The ECB Is Plugging Holes
Today the ECB released its monthly data on monetary developments in the Euro area (EA), as measured by M3 and its components. The market usually focuses on the marketable assets portion of M3, M3-M2, as a representation of funding access – here’s an FT Alphaville post highlighting as much. In December 2011, M3-M2 declined 0.2% over the year, its first annual decline since early 2010. What’s going on here? The ECB’s plugging holes.
There’s an evolution in marketable debt that is telling a very interesting story regarding bank funding through December 2011. As each private funding market shuts down, the ECB compensates by relaxing its lending facilities and collateral rules, effectively shoring up bank liquidity.
Look at the chart below: it maps out the dynamics of the components of marketable instruments in the EA, M3-M2, in levels of seasonally adjusted billion €. See Table 1 of the release, or download the data here. Since September 2011, the level of repo lending dropped 21%, or – €107 billion. Not coincidentally, the ECB started to introduce longer-term refinancing operations starting with the 1-yr in LTRO October. Holdings of debt instruments <2 years increased €40 billion, as banks use the securities for collateral under the ECB’s lending operations.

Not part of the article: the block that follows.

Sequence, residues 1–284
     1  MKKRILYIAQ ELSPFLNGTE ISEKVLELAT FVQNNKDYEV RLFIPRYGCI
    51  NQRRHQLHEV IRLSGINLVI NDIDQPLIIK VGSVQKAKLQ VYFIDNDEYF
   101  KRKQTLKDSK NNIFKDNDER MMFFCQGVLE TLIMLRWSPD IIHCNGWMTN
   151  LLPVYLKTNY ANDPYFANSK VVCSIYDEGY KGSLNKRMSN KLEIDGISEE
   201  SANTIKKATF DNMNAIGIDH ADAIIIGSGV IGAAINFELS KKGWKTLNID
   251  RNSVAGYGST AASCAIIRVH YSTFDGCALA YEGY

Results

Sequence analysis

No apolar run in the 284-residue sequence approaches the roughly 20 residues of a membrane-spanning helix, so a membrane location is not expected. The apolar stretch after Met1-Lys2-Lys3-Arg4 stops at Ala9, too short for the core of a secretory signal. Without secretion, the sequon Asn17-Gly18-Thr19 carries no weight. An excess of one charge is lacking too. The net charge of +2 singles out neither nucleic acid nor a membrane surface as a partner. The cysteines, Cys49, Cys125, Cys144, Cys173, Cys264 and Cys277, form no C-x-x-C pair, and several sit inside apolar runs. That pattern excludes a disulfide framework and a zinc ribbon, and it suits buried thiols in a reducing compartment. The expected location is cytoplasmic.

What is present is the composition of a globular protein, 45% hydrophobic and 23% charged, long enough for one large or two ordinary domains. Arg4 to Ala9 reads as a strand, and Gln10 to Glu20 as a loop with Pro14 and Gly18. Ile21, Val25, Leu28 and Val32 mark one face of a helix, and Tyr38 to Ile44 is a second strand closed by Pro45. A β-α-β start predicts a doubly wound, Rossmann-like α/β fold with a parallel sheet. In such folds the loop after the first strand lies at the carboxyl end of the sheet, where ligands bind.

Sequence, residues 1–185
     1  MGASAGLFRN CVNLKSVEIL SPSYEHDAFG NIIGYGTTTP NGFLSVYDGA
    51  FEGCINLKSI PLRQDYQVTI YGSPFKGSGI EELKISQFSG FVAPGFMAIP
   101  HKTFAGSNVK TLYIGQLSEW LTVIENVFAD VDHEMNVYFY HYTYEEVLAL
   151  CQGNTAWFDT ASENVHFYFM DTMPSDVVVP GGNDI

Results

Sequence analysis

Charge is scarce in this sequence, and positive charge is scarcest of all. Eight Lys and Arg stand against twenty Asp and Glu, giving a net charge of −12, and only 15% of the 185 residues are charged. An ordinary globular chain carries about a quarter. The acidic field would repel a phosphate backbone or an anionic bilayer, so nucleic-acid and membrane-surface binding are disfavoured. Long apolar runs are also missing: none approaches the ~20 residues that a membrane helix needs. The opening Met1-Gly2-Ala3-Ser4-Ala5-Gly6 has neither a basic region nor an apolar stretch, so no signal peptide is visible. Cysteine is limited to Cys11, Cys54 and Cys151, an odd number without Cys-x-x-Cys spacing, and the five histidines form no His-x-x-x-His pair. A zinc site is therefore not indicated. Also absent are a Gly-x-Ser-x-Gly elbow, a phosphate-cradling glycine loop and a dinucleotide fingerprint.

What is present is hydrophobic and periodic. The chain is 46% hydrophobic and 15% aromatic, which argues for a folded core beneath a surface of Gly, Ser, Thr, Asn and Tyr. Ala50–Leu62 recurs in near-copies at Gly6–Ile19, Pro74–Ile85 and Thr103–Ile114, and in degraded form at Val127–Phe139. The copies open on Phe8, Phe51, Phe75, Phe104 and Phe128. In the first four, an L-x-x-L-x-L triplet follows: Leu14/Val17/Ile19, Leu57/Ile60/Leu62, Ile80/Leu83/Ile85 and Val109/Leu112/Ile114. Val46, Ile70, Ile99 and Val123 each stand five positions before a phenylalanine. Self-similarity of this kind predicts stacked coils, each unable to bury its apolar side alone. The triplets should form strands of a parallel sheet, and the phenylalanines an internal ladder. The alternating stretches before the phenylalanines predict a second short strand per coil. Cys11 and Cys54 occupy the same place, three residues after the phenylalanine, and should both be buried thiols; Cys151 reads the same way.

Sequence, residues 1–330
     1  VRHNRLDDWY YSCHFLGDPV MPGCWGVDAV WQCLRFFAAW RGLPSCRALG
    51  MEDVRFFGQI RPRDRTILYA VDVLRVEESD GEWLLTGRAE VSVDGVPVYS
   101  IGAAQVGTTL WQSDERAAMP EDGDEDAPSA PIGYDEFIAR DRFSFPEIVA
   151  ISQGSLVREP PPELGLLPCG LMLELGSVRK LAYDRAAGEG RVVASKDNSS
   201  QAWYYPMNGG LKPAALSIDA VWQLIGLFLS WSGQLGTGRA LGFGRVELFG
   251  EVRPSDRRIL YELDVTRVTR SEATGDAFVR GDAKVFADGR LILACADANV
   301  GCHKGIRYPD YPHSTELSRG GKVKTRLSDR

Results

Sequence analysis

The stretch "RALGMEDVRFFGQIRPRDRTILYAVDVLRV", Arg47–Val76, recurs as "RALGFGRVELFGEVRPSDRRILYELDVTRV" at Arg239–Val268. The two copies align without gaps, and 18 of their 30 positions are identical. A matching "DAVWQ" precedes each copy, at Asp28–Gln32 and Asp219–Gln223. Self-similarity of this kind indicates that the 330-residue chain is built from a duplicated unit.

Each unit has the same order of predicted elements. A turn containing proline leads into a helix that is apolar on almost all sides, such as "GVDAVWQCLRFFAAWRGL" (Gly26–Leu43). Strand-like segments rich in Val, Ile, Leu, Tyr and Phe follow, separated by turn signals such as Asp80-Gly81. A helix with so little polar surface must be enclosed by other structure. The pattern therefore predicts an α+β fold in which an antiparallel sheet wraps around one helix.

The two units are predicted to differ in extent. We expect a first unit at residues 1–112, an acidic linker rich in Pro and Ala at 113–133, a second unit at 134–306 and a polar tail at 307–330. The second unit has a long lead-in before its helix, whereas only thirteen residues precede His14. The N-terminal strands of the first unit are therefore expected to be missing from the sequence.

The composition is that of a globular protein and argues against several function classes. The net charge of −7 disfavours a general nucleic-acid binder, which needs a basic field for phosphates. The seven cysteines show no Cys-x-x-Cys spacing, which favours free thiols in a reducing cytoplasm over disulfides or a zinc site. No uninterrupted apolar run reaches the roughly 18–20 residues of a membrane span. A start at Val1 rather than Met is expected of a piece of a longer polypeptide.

The ECB is offsetting, at least partially, the crunch in private repo funding markets.
This policy behavior is evident throughout 2010. Spanning the period January 2010 to August 2011, money market securities fell -€ 108 billion while private repo lending rose € 179 billion. The ECB offset fully the dropoff in funding from mutual fund shares by flushing private repo markets with liquidity.
The Table below describes the dynamics of funding through marketable assets more succinctly.
It’s pretty clear what the ECB is doing: plugging up the bank funding holes left exposed by private capital markets. What’s next?